David Drake is a good, not great, writer—the author of “hackwork pop.” And that’s OK, Joseph Bottum argues. His prose is often “better than it has to be,” and he is a capable story-teller: “Plenty of well-known fiction about war is around, waiting to be read, from Tolstoy’s War and Peace (1869) to Tim O’Brien’s The Things They Carried (1990). If you want to read something more neglected—lesser-known military fiction that nonetheless rivals (or surpasses) Crane and Remarque—try Isaac Babel’s Red Calvary (1926). Or James Salter’s The Hunters (1956). Or John Harris’s Covenant with Death (1961). David Drake’s Ranks of Bronze (1986), a sci-fi tale about an ancient Roman legion kidnapped to fight wars on alien planets, just can’t march alongside them. The thing is, David Drake probably wouldn’t mind that conclusion. With the publication of To Clear Away the Shadows this month, Drake has now produced 13 volumes in his series about the RCN, the space-going navy of the Republic of Cinnabar. The series begun in With the Lightnings (1998) and Lt. Leary, Commanding (2000) has gradually let its green characters blossom into established figures in their military service, solving the problems of the hegemonic empire that Cinnabar rules: piracy, border disputes, civil wars on client planets, and power struggles with the republic’s great autocratic rival, the Alliance of Free Stars . . . Take Drake’s The Way to Glory (2005), the fourth book in the RCN series. It isn’t War and Peace. But it isn’t Jim Theis’s famously awful The Eye of Argon (1970), either. Within its space-opera genre—which is to say, within the confines the author has accepted—Drake’s book is better than it has to beby a good two or three steps. It tells a coherent and interesting story, keeps the plot bubbling along, and uses its asides to give a reasonable sense of its characters. The prose is serviceable most of the time, and better than serviceable in the scenes of battle.”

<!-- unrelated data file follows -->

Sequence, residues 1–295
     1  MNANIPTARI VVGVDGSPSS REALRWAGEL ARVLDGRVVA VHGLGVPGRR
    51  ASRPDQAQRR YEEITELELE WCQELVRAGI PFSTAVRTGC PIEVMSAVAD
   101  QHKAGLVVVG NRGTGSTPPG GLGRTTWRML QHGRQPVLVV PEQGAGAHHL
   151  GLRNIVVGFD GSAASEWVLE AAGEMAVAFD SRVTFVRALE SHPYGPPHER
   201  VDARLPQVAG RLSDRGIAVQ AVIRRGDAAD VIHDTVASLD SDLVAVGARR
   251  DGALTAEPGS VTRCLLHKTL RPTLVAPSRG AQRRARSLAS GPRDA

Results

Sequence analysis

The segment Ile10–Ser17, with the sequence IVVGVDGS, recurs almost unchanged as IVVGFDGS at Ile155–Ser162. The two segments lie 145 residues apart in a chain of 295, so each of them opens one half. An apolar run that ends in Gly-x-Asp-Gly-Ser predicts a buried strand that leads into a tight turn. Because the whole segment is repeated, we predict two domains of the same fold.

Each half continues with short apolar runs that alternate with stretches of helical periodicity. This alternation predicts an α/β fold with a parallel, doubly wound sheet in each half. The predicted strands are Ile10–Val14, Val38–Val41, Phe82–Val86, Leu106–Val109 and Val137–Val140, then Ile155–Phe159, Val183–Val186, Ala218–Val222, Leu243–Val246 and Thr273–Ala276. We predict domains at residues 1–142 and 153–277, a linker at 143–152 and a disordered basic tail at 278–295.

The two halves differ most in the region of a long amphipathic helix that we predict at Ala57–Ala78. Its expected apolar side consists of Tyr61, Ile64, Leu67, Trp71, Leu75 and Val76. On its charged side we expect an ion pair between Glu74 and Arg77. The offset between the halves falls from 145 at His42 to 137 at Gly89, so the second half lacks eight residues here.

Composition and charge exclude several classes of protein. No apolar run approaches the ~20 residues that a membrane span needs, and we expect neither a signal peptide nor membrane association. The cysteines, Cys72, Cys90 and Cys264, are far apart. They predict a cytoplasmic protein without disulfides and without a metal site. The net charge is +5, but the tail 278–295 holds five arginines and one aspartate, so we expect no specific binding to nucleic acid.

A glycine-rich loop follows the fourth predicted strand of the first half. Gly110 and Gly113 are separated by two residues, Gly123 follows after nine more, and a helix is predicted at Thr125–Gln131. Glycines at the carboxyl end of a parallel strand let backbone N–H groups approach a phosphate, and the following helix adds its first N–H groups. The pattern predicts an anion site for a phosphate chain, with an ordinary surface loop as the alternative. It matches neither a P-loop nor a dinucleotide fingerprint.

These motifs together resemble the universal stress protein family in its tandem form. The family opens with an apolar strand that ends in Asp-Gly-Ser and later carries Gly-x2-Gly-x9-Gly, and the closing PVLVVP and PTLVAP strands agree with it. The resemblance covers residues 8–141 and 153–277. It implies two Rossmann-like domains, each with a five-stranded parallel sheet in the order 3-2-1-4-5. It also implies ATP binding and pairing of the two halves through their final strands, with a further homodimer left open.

Essay of the Day:
In The New York Review of Books, Howard W. French reviews a handful of books on medieval and early modern Africa:
“There is a broad strain in Western thought that has long treated Africa as existing outside of history and progress; it ranges from some of our most famous thinkers to the entertainment that generations of children have grown up with. There are Disney cartoons that depict barely clothed African cannibals merrily stewing their victims in giant pots suspended above pit fires. Among intellectuals there is a wealth of appalling examples. Voltaire said of Africans, ‘A time will come, without a doubt, when these animals will know how to cultivate the earth well, to embellish it with houses and gardens, and to know the routes of the stars. Time is a must, for everything.’ Hegel’s views of Africa were even more sweeping: ‘What we properly understand by Africa, is the Unhistorical, Undeveloped Spirit, still involved in the conditions of mere nature, and which had to be presented here only as on the threshold of the World’s History.’ One can hear echoes of such views even today from Western politicians . . .
“It may remain a little-known fact, but Africa has never lacked civilizations, nor has it ever been as cut off from world events as it has been routinely portrayed. Some remarkable new books make this case in scholarly but accessible terms, and they admirably complicate our understanding of Africa’s past and present.”
Photos: Cliff honey